We observed a clear pattern in which sitting time was underestimated by a majority of the participants. A similar result was reported in another Swedish study using the Swedish SED GIH  as well as in a meta-analysis . Spearman’s rho of 0.31 for sitting time in our study was also in line with the Swedish study . This correlation could be considered moderate, according to Muijs . The tendency to underestimate the sitting time is worth taking into consideration when interpreting self-reported sitting time and advising persons to decrease their sitting time and replace it with PA in the clinical setting. Replacing sitting time with PA is likely to decrease the risk of premature death and death from cardiovascular diseases [7, 40].
Ideally, every participant in the targeted health dialogues should wear advanced devices to measure MVPA and sitting time before health dialogue visits, but this is not possible in population-based targeted health dialogues with thousands of participants for practical and economic reasons. Therefore, it is common to use different kinds of questionnaires in larger health promoting initiatives . However, the development of electronic questionnaires and different types of devices has brought new opportunities to this research area . As this research field is rapidly advancing, the associations between PA as well as sitting time, and various health-related outcomes may turn out to be even stronger when measures of PA and sedentary behaviour are device-based instead of self-reported [41, 42]. However, today, we have to accept the validity of questionnaires, as observed in our study and other studies  and as is discussed in a recent Swedish study .
It should be noted that the mean values were over 300 min per week for time spent in MVPA and over 2000 kilocalories per week for energy expenditure when measured with the ActiGraphs as well as when estimated with the PA interview form. This is well above the PA level recommended by World Health Organization (WHO) . A similar pattern was also observed in another study . One possible explanation for this may be that people with higher MVPA are perhaps more likely to choose to participate in a study with devices that measure PA. Their PA patterns may be different in comparison to those of persons with lower PA. It could also be that the awareness of wearing an activity device may stimulate to more activities than usual, and participants may increase their PA during the period in which they wear the devices . On the other hand, this effect may perhaps not be so pronounced with ActiGraphs and the activPAL because participants do not receive any PA feedback results compared to, for example, pedometers .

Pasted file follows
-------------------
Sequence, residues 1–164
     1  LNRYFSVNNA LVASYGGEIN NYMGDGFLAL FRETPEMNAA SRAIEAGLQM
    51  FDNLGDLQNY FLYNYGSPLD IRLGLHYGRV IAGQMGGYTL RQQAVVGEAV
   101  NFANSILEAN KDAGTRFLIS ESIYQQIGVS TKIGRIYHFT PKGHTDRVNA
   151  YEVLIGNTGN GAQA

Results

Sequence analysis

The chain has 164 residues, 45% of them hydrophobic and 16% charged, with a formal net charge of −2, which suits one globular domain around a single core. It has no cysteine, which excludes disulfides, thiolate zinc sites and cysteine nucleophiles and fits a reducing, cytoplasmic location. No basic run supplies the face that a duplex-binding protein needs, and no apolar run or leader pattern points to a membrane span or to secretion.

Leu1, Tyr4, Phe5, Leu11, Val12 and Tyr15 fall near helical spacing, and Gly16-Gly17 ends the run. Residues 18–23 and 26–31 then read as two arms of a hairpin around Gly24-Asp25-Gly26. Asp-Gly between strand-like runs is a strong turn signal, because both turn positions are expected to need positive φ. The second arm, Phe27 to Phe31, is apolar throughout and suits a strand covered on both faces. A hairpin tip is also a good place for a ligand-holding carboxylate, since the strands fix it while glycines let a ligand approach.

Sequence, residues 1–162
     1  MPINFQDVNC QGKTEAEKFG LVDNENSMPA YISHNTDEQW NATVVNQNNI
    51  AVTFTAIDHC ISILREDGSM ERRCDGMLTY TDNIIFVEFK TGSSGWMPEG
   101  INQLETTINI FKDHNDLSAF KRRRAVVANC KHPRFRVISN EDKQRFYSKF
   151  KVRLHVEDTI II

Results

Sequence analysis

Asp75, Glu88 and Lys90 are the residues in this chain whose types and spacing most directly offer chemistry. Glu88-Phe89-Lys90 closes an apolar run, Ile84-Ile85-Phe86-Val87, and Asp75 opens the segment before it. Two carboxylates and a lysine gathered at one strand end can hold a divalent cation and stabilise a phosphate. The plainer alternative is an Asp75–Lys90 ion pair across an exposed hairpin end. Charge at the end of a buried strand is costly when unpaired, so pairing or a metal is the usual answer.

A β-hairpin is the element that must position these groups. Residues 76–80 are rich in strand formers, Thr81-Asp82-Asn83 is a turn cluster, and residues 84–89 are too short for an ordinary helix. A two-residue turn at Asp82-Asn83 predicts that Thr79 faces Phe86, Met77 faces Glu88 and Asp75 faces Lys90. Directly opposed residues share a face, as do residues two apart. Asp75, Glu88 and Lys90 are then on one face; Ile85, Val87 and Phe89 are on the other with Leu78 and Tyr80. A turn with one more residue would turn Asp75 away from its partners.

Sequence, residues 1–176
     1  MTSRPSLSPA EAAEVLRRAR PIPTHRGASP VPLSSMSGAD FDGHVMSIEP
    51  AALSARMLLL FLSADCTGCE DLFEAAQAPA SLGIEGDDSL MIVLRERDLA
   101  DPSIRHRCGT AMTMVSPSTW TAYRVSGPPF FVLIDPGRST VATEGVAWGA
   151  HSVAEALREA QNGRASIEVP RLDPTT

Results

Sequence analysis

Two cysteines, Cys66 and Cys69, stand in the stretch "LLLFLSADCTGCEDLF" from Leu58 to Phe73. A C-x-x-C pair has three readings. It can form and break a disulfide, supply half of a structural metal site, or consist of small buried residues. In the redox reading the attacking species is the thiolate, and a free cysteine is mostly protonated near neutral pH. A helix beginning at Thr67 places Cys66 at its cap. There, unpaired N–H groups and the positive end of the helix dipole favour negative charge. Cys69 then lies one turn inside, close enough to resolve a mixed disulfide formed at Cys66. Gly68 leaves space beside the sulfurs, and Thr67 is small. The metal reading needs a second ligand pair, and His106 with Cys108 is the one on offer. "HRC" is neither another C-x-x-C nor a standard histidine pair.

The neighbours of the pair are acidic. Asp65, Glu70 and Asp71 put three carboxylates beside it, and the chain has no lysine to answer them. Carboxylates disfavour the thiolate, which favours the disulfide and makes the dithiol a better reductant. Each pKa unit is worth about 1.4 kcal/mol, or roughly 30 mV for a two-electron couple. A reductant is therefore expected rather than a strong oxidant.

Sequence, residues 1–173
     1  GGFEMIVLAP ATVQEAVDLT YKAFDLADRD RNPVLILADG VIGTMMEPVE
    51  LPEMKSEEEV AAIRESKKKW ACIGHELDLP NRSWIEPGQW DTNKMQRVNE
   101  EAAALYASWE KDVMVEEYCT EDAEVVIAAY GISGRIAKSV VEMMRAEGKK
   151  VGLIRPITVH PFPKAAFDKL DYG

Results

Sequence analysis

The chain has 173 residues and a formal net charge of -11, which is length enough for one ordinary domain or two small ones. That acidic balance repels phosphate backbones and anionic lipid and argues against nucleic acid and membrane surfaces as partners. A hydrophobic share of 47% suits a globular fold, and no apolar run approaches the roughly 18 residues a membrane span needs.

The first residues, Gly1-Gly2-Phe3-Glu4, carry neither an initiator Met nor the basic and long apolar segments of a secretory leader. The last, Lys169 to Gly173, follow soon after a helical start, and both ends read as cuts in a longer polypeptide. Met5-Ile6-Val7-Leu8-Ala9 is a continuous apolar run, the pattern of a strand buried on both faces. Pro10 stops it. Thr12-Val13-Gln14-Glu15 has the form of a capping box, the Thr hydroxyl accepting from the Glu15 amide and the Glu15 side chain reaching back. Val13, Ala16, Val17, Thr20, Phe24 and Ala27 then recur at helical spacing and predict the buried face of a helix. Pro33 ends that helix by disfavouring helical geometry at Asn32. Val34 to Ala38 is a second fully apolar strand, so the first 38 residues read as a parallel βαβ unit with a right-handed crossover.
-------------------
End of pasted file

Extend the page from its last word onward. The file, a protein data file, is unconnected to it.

Strengths and limitations
The use of both an accelerometer and an inclinometer for concurrent validity was a strength of our study, as they have different strengths and limitations. Accelerometers are useful for measuring PA but are not as useful for measuring sedentary behaviour, such as sitting time, as they do not differentiate body position . The inclinometer is, on the other hand, valid for distinguishing between sedentary and standing postures .
A strength of this study was that the devices were distributed to the participants face-to-face at the primary health care centre laboratory. A face-to-face distribution of accelerometers has been shown to be feasible in smaller studies . Furthermore, this validity study was conducted in a real-life situation, which is a strength to the study. Another strength is that the primary health care centres that participated in the study were in both urban and rural areas. The participants in this study were representative regarding BMI, tobacco use, and level of education compared to those who were invited to targeted health dialogues in the county where the study was conducted . Furthermore, the number of participants in this study was fairly high. For example, in a systematic review article, it was proposed that the number of participants should exceed 50 in this type of study. In our study, the number of participants exceeded 50 in all analyses . A limitation of the study is that we did not have full information about the number of invited persons to provide complete participation rates.